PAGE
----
“The Fed has such a huge impact on workers and their families – we must guarantee there is always a Governor with a track record in protecting them,” said Senator Brown, Chairman of the Senate Committee on Banking, Housing, and Urban Affairs. “The Respect for Workers Act reserves a spot on the Board for someone with a background in supporting workers and will ensure that workers get a fair share of the economic growth they create – not just Wall Street hedge fund managers and the top 1 percent. We can take on economic inequality and shrink the racial wealth gap by building an economy based on the dignity of work, and that starts by ensuring the Fed and its Board of Governors are focused on protecting the rights of all workers.”
Reed’s bill has also been endorsed by the AFL-CIO; Columbia University Professor and Nobel Laureate Joseph Stiglitz; MIT Professor and Former International Monetary Fund (IMF) Chief Economist Simon Johnson; and Georgetown Law Professor Adam Levitin.
“Having a voice matters. For far too long the Federal Reserve has made critical economic decisions affecting working people while looking through the lens of Wall Street,” said AFL-CIO President Richard Trumka. “While we applaud the Fed’s recent focus on jobs and wages, sustained economic policymaking that works for all must include the perspective of working people, and this Federal Reserve bill ensures our voices will be heard. It is an important step toward tackling some core issues of inequality.”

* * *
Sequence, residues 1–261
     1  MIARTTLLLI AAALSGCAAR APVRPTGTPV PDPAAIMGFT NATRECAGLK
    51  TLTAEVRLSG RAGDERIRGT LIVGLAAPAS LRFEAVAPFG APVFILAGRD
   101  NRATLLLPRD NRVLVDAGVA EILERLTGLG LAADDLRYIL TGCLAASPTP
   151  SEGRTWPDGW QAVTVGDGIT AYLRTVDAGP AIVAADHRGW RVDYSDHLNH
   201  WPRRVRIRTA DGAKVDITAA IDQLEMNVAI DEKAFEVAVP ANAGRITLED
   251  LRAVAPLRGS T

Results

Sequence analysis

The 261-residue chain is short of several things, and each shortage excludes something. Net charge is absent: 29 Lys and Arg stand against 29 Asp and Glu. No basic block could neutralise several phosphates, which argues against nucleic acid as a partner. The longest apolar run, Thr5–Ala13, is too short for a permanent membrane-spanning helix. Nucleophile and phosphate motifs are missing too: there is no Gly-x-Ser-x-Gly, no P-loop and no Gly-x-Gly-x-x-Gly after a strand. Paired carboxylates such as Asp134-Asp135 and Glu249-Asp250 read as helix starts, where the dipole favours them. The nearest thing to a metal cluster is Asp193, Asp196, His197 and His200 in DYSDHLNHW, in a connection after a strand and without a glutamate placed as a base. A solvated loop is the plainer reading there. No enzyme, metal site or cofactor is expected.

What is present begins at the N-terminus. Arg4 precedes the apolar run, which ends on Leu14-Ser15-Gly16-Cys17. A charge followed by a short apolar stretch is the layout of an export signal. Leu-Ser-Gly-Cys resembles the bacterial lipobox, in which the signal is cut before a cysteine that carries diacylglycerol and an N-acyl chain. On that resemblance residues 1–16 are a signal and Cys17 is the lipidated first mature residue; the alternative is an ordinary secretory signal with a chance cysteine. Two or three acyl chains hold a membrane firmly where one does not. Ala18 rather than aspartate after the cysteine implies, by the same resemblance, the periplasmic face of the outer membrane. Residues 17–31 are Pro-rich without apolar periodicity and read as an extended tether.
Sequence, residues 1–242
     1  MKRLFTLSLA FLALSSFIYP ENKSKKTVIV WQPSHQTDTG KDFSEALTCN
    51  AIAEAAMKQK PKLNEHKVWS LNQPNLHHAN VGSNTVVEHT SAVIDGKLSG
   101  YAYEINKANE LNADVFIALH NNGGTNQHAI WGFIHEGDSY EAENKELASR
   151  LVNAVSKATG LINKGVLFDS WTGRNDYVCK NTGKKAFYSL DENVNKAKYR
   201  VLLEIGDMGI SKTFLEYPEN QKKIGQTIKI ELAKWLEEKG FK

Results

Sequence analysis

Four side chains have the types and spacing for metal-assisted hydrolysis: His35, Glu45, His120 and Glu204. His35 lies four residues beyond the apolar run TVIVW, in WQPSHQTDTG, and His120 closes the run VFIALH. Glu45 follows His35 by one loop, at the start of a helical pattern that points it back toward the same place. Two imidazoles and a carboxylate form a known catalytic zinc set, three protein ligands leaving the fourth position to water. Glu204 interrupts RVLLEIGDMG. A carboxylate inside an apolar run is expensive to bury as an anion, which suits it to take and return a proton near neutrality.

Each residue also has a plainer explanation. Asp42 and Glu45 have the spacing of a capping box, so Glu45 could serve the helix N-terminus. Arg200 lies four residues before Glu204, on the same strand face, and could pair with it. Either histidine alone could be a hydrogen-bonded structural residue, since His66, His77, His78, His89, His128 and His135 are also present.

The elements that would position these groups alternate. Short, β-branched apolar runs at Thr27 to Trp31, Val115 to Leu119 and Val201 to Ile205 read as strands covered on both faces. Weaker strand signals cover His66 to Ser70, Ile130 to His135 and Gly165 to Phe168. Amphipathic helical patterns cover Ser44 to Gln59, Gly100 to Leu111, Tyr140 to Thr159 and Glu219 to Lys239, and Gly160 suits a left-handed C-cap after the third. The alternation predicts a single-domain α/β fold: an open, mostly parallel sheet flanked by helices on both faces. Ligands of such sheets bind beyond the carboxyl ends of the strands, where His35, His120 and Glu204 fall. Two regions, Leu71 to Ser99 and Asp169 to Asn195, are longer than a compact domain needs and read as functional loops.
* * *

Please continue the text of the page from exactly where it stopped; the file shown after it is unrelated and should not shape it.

“In this long year of the pandemic, we have seen workers repeatedly risk their lives to keep America safe, fed and healthy. It is yet another reminder of the critical importance they play in the economy, often with little acknowledgement or reward. That is why it is so important to ensure that at least one member of the Board of Governors of the Federal Reserve Board has experience in fighting for and supporting workers. The goal of full employment must remain front and center,” said Columbia University Professor Joseph Stiglitz.
MIT Professor and Former IMF Chief Economist Simon Johnson called Reed’s proposal: “A long overdue proposal to ensure that the congressional commitment to full employment is reflected in Federal Reserve decision-making. Who is at the table always matters for what decisions are made. Millions of workers have had a rough ride over recent decades. This legislation would help redress the imbalance in power and access that has hurt so many people.”
“The bill is important legislation to ensure that the Federal Reserve will always take seriously both parts of its dual mandate of price stability and full employment. By providing that the Federal Reserve Board must include a member with experience supporting or protecting the rights of workers, this legislation makes sure that the goal of full employment will not be subordinated to price stability,” said Georgetown Law Professor Adam Levitin.
“The COVID-19 pandemic has demonstrated how essential workers are to our economy and the nation’s well-being. Grocery store workers, nurses, firefighters, delivery workers, and other workers in both the public and private sectors, took personal health risks to keep the economy going and deliver needed services to their fellow citizens. Workers held together the fabric of our society and economy during this public health emergency,” concluded Senator Reed. “This Federal Reserve has already stated that it ‘will remain highly focused on fostering as strong a labor market as possible for the benefit of all Americans,’ but we need this enshrined in everyday economic policy to ensure this Fed and those in the future continue to put the interests of workers up there with the interest of bankers. The Respect for Workers Act will ensure the Federal Reserve is better equipped to fulfill its dual mandate of price stability and full employment.”